Design By Necessity a.k.a. Accidental Design

Have you ever made something that turned out completely different than you first imagined it? Not because you had creative inspiration in the middle of making it, but because you mistakenly thought you had enough supplies (food, fabric, metal, whatever) to get the job done. But you didn’t. So you had to improvise and make due with what you had on hand. It’s happened to all of us.

Think about the last time this happened to you. Were you happy with the result? I’m guessing, if you’re anything like me, sometimes this fly-by-the-seat-of-your-pants method leaves you whimpering in a corner and other times the sky opens up and rays of sunshine fall at your feet as celestial voices fill the air. This is only a scale, of course. I usually end up somewhere in between on the spectrum.

I recently had one of those, “Oh, no, I don’t have enough…” moments. I’m happy to say this one ended up closer to the celestial voices end of the spectrum. Even though I’m trying to be more intentional with my design choices, sometimes we just have to go with the design-by-necessity approach.

So, here’s what happened.

I’ve been making glass vessels since late last year. I introduced them at an essential oils open house where the host was kind enough to offer me a table to display some of my stuff. I thought the vessels might sell a little faster if they were already made into necklaces. So I repurposed some leather cords from another project.

Small Vessels on Leather Cords

The leather cords were very basic. I simply slipped them through the vessel’s handle, tied a knot above the handle and another knot at the end of the cord so customers could slip the necklace over their heads. Easy and functional.

And I was pleased with the response. I took five vessels and ended up selling them all!

I could have left things alone, but I rarely do things the simple way. It’s a fault at times. But, I like to offer a few options to my customers. Even with my other glass pendants, at shows I always have a few chain options AND a few cord options. We all have our own preferences, right? So of course I had to offer at least one chain option for the vessels.

That same generous host from the open house ordered several vessel necklaces. She wanted to take them with her on an upcoming trip in January to give as gifts to some of her essential oil buddies. I had made the vessels ahead of time, and I knew she wanted chains rather than leather. What I didn’t realize was that I didn’t have enough antiqued chain in the style I decided looked best with these small vessels.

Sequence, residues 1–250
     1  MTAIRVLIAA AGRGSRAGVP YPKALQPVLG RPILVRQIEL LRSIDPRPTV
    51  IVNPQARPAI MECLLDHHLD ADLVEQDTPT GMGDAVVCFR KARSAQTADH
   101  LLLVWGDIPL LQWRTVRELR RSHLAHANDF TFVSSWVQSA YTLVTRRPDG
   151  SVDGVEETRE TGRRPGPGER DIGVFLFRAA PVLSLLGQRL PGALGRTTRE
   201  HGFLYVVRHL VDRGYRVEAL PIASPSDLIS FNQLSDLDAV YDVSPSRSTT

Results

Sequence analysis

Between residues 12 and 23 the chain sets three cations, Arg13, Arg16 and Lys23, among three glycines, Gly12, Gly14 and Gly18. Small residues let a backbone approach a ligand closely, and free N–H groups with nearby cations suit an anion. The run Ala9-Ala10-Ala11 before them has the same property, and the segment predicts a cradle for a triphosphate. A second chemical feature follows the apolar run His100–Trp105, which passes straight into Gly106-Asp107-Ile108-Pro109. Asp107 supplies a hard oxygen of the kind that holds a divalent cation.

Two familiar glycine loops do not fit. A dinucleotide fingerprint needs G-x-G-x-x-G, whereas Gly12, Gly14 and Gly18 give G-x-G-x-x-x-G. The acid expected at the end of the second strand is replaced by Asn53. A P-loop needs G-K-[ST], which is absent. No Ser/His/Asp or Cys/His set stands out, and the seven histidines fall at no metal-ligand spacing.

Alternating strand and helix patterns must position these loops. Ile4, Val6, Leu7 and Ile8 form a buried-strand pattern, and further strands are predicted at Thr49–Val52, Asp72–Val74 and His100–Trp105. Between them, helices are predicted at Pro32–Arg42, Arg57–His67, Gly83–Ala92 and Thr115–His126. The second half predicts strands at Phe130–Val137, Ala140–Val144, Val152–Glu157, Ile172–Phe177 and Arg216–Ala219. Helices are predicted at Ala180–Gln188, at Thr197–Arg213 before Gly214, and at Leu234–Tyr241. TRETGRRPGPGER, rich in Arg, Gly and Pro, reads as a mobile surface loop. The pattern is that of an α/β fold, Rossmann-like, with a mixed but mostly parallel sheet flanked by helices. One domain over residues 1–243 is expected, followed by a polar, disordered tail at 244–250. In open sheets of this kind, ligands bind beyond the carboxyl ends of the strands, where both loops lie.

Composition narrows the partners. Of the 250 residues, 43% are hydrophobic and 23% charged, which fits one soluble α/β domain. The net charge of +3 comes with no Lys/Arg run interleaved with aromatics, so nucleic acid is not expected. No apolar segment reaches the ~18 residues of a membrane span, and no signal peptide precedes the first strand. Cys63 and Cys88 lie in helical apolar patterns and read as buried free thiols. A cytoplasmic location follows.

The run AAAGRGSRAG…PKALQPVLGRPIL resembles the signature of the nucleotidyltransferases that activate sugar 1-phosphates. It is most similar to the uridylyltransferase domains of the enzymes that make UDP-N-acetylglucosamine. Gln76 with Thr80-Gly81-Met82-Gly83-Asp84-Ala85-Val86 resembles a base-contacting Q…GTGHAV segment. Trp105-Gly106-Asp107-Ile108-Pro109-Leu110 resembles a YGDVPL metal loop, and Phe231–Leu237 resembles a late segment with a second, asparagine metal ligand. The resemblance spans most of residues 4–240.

I totally did this to myself.

Before you decide my materials management is out of whack, it was actually my time management skills that were lacking. Since I had just started making the vessels, I hadn’t spent any time figuring out which chain looked best with them. I knew I had plenty of chain, but most of it was raw and still on the spool. I had plenty of thick chain left from the last batch I had antiqued, but it was too bulky for these small vessels.

The small but sturdy chain was my favorite. And it definitely looked best with the vessels, but I had only two feet of it antiqued. That wasn’t enough for four necklaces. The truth was, I didn’t want to take the time to antique and seal a new batch.

Instead of getting out the liver of sulfur, latex gloves, and sealing wax, I looked at the jewelry I had already assembled, the pieces that didn’t sell at the open house.

I spotted a few necklaces that used the chain I liked and disassembled them so I could reuse the chain. The problem was, the necklaces I took apart had lava beads in the center. And the beads weren’t strung onto the chain, they were attached with wire. So what I had were two pieces of chain from each repurposed necklace, not enough continuous lengths of chain to simply string the chain through a vessel handle and call it a day.

It seems easy enough to figure out now, but this was my near-celestial moment! I ended up using one of the lava beads on each chain. This way, I could use the shorter pieces from the necklaces I disassembled. The lava beads don’t just add interest. Their pores also hold onto fragrance for hours, making them great for diffuser jewelry. Isn’t it nice when form and function come together?

Small Vessels on Chain

In the end, I put a considerable amount of thought into the design, trying the bead placement this way and that. I though about using two beads symmetrically on the chain, but that was too balanced. Something about the tilted vessel hanging from its handle and two symmetrical beads didn’t fit.

One asymmetrically placed bead about an inch from the vessel was just the right balance.

And that’s when the clouds parted!

I have even begun using this same design in other non-vessel necklaces with a glass bead instead of a lava bead. I think this one is a keeper.

Have you had any accidentally inspiring moments lately? I’d love to hear! Tell me in the comments.